Crooks and Liars also points to a 2010 investor letter from Loeb that earned the scorn of RJ Eskrow as another example of Loeb’s unparalleled greed.

A hedge-fund manager’s “investor letter” — really more of a staged, theatrical tantrum — has been getting a lot of attention lately. Daniel S. Loeb’s diatribe demonstrates that banker greed is still out of control, and that it’s as shortsighted and destructive as ever. The fact that Loeb is a registered Democrat and former Obama supporter doesn’t matter as much as some people think. It’s the same old story: Politics is just a means to an end, and the end in this case is self-enrichment.

If Loeb’s pose as Hedge-Fund Revolutionary seems like a ridiculous form of populism, remember: The Tea Party began with an angry outburst on the Chicago Board of Trade, from traders who were outraged that homeowners might be given a fraction of the aid bankers received. Loeb’s letter is mostly a marketing ploy, but if he can become the Robespierre of the Hedge-Fund Revolution I’m sure that would be fine with him, too.After all, that would be good for business.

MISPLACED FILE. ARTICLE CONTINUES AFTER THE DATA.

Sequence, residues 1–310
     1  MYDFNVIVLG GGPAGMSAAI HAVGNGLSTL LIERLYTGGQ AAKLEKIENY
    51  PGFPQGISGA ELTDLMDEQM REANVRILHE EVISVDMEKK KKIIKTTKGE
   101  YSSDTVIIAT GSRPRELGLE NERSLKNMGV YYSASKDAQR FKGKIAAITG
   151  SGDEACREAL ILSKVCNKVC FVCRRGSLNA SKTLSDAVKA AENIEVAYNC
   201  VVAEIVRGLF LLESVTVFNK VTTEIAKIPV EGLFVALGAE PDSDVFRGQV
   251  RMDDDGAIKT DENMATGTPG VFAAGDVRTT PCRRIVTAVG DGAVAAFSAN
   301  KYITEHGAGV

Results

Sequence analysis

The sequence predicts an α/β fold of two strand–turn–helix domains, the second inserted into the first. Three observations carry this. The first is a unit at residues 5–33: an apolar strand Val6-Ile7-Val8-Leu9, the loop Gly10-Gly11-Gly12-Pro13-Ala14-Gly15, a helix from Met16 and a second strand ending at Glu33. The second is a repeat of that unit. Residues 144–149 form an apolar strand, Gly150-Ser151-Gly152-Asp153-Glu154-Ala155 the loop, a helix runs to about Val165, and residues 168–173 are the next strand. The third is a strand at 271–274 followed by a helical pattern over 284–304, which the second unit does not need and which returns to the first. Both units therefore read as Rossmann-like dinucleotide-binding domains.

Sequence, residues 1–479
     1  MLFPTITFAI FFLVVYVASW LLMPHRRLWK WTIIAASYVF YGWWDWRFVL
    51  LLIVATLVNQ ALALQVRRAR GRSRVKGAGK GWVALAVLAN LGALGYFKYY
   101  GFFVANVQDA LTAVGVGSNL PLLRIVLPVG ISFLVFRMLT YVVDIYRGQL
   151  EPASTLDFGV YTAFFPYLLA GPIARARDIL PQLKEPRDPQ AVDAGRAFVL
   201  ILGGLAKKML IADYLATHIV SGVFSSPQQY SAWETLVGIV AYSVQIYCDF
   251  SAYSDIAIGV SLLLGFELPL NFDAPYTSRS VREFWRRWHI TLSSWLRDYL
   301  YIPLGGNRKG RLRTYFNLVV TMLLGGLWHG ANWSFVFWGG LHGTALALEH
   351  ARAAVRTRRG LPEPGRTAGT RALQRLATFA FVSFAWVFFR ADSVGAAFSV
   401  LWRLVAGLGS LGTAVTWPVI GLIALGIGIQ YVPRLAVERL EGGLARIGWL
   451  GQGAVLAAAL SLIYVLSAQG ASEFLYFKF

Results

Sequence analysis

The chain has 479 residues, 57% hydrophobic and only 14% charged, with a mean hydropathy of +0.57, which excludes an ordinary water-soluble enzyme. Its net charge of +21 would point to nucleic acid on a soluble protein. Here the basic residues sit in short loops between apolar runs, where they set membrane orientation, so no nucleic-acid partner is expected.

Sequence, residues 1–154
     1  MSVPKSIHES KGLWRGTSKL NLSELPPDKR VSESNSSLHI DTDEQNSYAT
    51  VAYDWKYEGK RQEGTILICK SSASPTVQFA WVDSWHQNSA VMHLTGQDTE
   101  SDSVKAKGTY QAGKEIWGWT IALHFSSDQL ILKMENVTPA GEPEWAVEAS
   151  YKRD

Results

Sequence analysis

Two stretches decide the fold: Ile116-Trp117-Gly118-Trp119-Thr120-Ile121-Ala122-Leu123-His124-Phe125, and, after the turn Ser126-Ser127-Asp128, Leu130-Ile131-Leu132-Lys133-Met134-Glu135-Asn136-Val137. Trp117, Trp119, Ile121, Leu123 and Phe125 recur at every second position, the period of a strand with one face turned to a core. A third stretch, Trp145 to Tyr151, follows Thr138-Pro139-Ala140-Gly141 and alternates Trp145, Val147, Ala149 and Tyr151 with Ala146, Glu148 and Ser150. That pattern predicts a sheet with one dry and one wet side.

In other words, Dan Loeb is only looking out for Dan Loeb and teachers pensions are far too important to leave in the hands of Wall Street players with bad reputations.

The AFT report also shows that such investments don’t always yield the best results for pension systems:

“For the fourth consecutive year, most hedge funds failed to beat the market. The average hedge fund gained 6.4 percent last year, according to a composite index that tracks 2,200 portfolios compiled by Hedge Fund Research. By comparison, the Standard & Poor’s 500-stock index climbed 16 percent when factoring in dividends. In 2011, the average hedge fund lost more than 5 percent, versus a 2 percent gain for the S&P 500. Despite those returns, investors put nearly $25 billion into hedge funds, bringing the industry’s total assets managed at $2.6 trillion, according to the eVestment research firm.”

The AFT also provides background on Students First, the anti-union scumbag organizations that Loeb is allegedly involved with:

StudentsFirst has repeatedly attacked defined benefit pension plans. StudentsFirst’s policy position on pensions explicitly notes that states should move away from defined benefit plans. A recent StudentsFirst report card evaluated states based on their pension policies, giving highest marks to states that required participation in cash balance or defined contribution plans, and lowest marks to states offering only defined benefit plans. This was an “anchor policy” for the report card, meaning that it was weighted three times as much as other policies.

It will be interesting to witness the impact of this report. Will unions cease the investment of their funds with those who are helping to chisel away at their very pension structure? The AFT’s position of divestment provides some hope that those who push for the corporate education model will soon feel the only kind of displeasure they respond to — financial.